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I'm porting an application written in R that currently runs under Windows over to Linux (Fedora 12) and am having some problems. Currently, under Windows I invoke R to run as a batch process as:

Rterm.exe --no-save --no-restore --quiet < myRprog.r > myRprog.log 2>&1

This little batch gem executes the program myRprog.r and outputs the processed statements and errors/warnings to myRprog.log and the the executed results into myRprog.lst.

I would like to recreate the same behavior under Linux. I've tried many different variations of the following without success.

R CMD BATCH myRprog.r myRprog.lst myRprog.log

Is there a way to emulate the behavior of writing two files out (log and listing) under Linux using batch?

Thanks.

Phil Rack

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3 Answers 3

up vote 1 down vote accepted

Try

R --no-save --no-restore --quiet < myRprog.r > myRprog.log 2>&1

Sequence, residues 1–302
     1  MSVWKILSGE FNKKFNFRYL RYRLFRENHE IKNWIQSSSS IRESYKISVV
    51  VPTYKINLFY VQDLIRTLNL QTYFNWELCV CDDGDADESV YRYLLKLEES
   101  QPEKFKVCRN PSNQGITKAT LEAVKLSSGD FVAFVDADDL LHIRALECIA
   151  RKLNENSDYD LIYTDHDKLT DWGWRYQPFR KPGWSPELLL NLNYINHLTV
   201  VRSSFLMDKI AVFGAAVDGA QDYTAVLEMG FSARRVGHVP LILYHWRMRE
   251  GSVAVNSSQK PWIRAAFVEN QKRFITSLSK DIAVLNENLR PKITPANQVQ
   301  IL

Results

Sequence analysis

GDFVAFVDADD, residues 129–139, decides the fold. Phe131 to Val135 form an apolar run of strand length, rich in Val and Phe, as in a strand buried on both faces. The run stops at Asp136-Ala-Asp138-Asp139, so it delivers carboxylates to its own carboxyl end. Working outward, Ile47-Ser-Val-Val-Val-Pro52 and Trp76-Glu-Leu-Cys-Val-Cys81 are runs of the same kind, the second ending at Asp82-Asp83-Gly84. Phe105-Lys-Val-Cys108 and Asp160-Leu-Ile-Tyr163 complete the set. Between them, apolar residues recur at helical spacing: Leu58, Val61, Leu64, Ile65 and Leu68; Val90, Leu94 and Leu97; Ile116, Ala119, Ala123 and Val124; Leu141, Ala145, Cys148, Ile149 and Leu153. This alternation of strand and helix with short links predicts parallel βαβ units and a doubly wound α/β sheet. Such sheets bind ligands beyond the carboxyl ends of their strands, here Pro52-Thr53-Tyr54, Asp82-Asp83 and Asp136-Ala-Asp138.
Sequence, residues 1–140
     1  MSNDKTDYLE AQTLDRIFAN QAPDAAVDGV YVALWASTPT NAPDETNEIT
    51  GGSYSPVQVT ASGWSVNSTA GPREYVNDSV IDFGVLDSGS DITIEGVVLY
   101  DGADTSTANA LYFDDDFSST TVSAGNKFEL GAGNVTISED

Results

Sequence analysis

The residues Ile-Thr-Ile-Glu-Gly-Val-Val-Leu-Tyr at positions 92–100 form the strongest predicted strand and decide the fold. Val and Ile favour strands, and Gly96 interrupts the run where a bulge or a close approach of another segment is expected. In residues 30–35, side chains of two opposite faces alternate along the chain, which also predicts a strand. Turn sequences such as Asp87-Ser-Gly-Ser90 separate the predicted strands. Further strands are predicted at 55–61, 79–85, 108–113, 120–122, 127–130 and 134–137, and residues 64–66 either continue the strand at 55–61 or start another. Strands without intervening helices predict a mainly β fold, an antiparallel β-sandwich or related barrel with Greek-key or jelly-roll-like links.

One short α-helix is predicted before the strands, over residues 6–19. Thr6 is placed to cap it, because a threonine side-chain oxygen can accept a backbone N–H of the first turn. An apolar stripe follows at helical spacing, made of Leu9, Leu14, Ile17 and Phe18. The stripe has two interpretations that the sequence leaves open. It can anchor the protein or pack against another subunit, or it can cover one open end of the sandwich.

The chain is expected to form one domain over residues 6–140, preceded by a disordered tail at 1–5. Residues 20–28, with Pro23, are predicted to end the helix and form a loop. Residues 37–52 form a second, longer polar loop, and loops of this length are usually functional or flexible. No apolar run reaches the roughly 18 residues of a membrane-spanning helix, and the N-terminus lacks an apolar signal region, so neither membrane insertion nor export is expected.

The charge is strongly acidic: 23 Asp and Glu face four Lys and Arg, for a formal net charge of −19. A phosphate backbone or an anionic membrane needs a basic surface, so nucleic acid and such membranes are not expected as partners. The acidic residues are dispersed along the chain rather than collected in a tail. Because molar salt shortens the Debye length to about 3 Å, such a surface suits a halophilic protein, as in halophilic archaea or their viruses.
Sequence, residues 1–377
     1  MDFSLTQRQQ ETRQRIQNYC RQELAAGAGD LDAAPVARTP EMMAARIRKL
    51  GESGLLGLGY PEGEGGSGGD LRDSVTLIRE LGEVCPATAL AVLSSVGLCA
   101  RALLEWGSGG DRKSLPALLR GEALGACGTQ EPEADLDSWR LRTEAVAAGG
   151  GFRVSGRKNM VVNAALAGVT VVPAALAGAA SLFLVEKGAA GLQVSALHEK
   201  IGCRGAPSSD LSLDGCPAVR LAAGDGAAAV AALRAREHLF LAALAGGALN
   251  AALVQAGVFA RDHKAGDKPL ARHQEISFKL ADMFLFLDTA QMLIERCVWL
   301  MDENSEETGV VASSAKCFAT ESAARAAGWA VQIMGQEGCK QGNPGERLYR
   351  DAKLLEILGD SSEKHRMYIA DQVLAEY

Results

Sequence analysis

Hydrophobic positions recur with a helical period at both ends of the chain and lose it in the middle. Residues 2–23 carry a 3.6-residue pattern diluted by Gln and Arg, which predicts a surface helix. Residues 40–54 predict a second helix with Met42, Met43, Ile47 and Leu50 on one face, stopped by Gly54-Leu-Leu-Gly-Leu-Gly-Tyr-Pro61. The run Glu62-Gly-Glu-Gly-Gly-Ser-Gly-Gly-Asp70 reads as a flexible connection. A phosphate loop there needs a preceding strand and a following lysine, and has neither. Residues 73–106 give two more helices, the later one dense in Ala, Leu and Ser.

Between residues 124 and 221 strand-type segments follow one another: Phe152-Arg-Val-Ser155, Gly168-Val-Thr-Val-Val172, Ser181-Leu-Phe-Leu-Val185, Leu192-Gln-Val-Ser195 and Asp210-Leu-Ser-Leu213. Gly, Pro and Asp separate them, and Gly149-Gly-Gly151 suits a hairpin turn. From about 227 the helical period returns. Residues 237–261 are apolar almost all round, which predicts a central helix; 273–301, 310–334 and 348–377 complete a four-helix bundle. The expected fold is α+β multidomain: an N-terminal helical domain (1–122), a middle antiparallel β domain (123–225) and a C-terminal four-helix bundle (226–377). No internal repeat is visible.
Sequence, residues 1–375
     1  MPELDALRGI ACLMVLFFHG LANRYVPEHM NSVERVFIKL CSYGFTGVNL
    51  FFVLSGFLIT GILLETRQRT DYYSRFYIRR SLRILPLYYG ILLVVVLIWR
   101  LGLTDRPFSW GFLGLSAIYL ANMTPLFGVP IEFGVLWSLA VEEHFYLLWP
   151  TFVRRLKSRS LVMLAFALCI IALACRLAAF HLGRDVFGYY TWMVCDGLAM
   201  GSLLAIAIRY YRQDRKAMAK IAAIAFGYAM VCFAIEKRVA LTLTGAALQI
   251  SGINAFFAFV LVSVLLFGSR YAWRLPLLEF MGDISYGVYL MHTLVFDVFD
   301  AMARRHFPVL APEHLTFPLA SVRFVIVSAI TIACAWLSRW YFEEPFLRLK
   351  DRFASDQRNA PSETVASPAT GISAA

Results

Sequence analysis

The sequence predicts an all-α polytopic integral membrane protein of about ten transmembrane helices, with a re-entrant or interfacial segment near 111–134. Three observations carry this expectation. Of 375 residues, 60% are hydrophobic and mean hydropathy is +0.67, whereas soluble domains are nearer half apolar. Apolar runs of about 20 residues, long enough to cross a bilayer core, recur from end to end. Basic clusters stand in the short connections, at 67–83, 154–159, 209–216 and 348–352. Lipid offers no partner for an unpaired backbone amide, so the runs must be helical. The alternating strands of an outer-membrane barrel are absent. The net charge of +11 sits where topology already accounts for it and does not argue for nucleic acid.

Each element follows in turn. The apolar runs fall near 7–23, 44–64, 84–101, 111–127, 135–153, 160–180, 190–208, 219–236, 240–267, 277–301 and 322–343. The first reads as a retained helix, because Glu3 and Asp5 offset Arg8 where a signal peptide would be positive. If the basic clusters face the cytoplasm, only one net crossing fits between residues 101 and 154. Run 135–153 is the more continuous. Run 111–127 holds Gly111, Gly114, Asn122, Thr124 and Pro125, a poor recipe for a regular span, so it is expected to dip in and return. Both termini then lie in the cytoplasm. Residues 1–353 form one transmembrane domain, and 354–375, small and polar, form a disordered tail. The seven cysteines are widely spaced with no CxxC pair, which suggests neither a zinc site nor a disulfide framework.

there are dozens of other methods (which probably will soon appear), but this is most similar to your Windows use.

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That is close but it only writes the output into myRprog.log and doesn't create a listing file. –  PhilR Aug 17 '10 at 13:53
    
What do you mean? On my system it works as expected. –  mbq Aug 17 '10 at 14:09
    
Right right, I have misunderstood your question. Ok, now it should work. –  mbq Aug 17 '10 at 14:15
    
I had a syntax error when I tried your solution. I left out the & at the end. It does work now! Thank you! You saved me a lot of work having to possible rewrite a rather large segment of code. –  PhilR Aug 17 '10 at 14:22
    
Damn! I wrote that last comment to quickly. It doesn't work. I get a "file name is missing" msg in the log file. Sorry! –  PhilR Aug 17 '10 at 14:23

Or, as you're on Linux, use r from littler.

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log and lst seem to be very SASish concepts.

R CMD BATCH myRprog.r myProg.rout

will run your program and redirect all output to myProg.rout. However, you are free to modify myProg.r so that datasets and the like are written into different files that you can then capture (possibly from an external application).

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It is pretty SAS like. What I'm doing is passing parms from a WPS program (a SAS language alternative) to R for execution of some statistical programs. I invoke R and wait for it to complete and then read in the log/listing into the appropriate files. –  PhilR Aug 17 '10 at 14:19

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